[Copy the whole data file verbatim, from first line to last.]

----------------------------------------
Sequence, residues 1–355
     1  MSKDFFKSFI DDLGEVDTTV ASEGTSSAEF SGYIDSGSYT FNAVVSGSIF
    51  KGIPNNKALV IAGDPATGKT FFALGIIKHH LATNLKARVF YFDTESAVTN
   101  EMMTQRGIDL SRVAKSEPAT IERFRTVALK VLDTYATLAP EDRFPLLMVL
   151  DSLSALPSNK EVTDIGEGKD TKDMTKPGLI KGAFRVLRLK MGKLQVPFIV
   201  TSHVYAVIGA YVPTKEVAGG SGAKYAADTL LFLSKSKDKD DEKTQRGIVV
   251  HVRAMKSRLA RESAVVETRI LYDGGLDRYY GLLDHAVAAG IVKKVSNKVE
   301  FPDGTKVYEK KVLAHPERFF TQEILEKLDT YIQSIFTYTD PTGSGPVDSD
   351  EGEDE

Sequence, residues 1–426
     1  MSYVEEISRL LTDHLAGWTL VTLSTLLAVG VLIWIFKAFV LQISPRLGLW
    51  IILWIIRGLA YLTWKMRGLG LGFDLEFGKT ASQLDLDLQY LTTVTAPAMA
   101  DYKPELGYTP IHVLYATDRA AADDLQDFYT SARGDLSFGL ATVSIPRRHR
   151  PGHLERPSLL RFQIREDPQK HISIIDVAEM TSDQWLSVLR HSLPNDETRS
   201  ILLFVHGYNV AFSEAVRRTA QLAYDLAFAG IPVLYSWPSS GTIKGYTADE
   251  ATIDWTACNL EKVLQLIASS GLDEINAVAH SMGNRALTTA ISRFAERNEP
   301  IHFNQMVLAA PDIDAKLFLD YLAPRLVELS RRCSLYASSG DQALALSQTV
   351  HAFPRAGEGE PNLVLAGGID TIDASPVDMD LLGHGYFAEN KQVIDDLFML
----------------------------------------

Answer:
Sequence, residues 1–355
     1  MSKDFFKSFI DDLGEVDTTV ASEGTSSAEF SGYIDSGSYT FNAVVSGSIF
    51  KGIPNNKALV IAGDPATGKT FFALGIIKHH LATNLKARVF YFDTESAVTN
   101  EMMTQRGIDL SRVAKSEPAT IERFRTVALK VLDTYATLAP EDRFPLLMVL
   151  DSLSALPSNK EVTDIGEGKD TKDMTKPGLI KGAFRVLRLK MGKLQVPFIV
   201  TSHVYAVIGA YVPTKEVAGG SGAKYAADTL LFLSKSKDKD DEKTQRGIVV
   251  HVRAMKSRLA RESAVVETRI LYDGGLDRYY GLLDHAVAAG IVKKVSNKVE
   301  FPDGTKVYEK KVLAHPERFF TQEILEKLDT YIQSIFTYTD PTGSGPVDSD
   351  EGEDE

Sequence, residues 1–426
     1  MSYVEEISRL LTDHLAGWTL VTLSTLLAVG VLIWIFKAFV LQISPRLGLW
    51  IILWIIRGLA YLTWKMRGLG LGFDLEFGKT ASQLDLDLQY LTTVTAPAMA
   101  DYKPELGYTP IHVLYATDRA AADDLQDFYT SARGDLSFGL ATVSIPRRHR
   151  PGHLERPSLL RFQIREDPQK HISIIDVAEM TSDQWLSVLR HSLPNDETRS
   201  ILLFVHGYNV AFSEAVRRTA QLAYDLAFAG IPVLYSWPSS GTIKGYTADE
   251  ATIDWTACNL EKVLQLIASS GLDEINAVAH SMGNRALTTA ISRFAERNEP
   301  IHFNQMVLAA PDIDAKLFLD YLAPRLVELS RRCSLYASSG DQALALSQTV
   351  HAFPRAGEGE PNLVLAGGID TIDASPVDMD LLGHGYFAEN KQVIDDLFML